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MeNZB programme achieves major milestone for Maori

7 October 2005

MeNZB programme achieves major milestone for Mäori

More than half a million doses of MeNZB vaccine have been given to tamariki Mäori in the Meningococcal B Immunisation Programme.

The programme has been nationwide since July, offering free immunisation to everyone aged six weeks to 19 years. Now the programme is increasing its focus on vaccinating those who have not yet started the three doses of the vaccine and those who have not completed the full course. The MeNZB vaccine offers protection against the epidemic strain of meningococcal disease in New Zealand.

Programme director Dr Jane O'Hallahan says this latest milestone for Mäori is an encouraging sign that the programme is reaching those most at risk of the disease.

"We are really delighted that so many tamariki Mäori have started their vaccinations. The risk of contracting meningococcal disease is three times higher for Mäori than non-Mäori, but generally immunisation rates for Mäori have historically been lower than non-Mäori.

"We have been particularly concerned for the under-five age group, who face the highest risk from meningococcal disease, and a lot of work is being done to ensure these vulnerable children can get these immunisations easily.

"Many whanau visit a local doctor for their immunisations, but this is sometimes difficult when transport, work pressures or other barriers make access to a medical centre complicated.

"That is why, across the country, Mäori health providers, doctors, nurses, community health workers and others are going out into the community to try to make sure all children and young people can be immunised. Vaccinations are taking place in schools, kohanga reo, marae, churches, community halls, special tents and buses. Nurses are also taking to the streets and rural roads, knocking on doors and vaccinating children and young people at home.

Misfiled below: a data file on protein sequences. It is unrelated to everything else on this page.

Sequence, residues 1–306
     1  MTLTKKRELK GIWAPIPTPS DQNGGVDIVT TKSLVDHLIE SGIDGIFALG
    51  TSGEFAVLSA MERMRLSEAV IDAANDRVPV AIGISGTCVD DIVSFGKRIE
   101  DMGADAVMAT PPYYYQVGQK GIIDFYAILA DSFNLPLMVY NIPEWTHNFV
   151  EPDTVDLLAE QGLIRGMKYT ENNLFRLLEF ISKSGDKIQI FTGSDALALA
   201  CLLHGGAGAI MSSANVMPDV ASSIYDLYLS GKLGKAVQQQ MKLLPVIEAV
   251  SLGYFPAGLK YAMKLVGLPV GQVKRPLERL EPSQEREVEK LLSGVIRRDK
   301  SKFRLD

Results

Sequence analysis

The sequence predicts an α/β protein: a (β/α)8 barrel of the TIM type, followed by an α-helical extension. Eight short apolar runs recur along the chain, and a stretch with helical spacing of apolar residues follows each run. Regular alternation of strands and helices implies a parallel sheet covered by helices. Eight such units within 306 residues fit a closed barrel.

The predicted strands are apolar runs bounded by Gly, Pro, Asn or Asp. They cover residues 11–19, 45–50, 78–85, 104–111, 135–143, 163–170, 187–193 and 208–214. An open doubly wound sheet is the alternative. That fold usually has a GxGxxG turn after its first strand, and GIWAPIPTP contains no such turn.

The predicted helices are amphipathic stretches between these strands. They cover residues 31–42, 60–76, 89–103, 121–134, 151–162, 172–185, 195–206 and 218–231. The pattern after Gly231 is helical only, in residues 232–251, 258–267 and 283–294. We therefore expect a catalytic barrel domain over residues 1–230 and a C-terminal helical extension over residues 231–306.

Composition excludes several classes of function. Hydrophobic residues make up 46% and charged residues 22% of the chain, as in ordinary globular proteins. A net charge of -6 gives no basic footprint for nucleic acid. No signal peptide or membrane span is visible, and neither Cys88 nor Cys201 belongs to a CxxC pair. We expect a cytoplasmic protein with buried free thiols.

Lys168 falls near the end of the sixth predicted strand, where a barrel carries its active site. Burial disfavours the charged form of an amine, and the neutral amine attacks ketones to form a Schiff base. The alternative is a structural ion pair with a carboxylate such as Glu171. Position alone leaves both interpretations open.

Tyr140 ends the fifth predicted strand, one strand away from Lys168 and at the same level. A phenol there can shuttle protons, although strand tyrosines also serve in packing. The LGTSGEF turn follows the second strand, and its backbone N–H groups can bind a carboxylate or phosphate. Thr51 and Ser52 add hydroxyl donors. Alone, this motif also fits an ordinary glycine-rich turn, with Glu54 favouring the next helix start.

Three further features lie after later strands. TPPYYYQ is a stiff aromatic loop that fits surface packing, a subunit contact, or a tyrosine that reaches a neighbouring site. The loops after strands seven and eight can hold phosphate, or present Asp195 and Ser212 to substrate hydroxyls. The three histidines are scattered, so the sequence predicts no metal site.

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To date, about 210,000 tamariki Mäori have received their first MeNZB dose. About 146,000 tamariki Mäori have received all three doses.

"One of the really positive aspects of the programme has been the excellent response by whanau Mäori to having their tamariki immunised at school. Mäori consenting rates in the school-based campaign have been as good, or even better in some areas, as others. This shows Mäori parents are as keen to protect their tamariki from this fearsome disease as others. What we now are concentrating on is getting the same coverage for pre-schoolers and young people who have left school.

"It is important to understand for statistical reasons the data is likely to under-count vaccinations given to Mäori. However even taking this into account, the data does indicate more effort is required to improve Mäori coverage rates.

Up to 2 October 2005, about 62 per cent of tamariki Mäori aged under five years had received dose one and 37 per cent had completed all three doses. About 35 per cent of Maori aged 18 and 19 years had received their first dose and 17 per cent had completed all three doses. "It is critically important for everyone aged from six weeks to 19 years to complete the three doses," Dr O'Hallahan says.

"We are seeing evidence that the vaccine is providing good protection to those who are fully vaccinated. Those who are not vaccinated remain at risk of the epidemic strain of the disease."

Last year New Zealand had 342 cases of meningococcal disease with 8 deaths. This year to date, there have been 183 cases with 10 deaths. Maori and Pacific children are over-represented in the case numbers.

Not all of the cases reported this year are due to the epidemic strain but it has caused 75 per cent of cases since the epidemic began in 1991.

On average, there have been 364 cases of meningococcal disease each year for the last five years. The highest annual total recorded since the epidemic began was in 2001 when there were 650 cases of meningococcal disease.

Meningococcal B Immunisation Programme - www.immunise.moh.govt.nz


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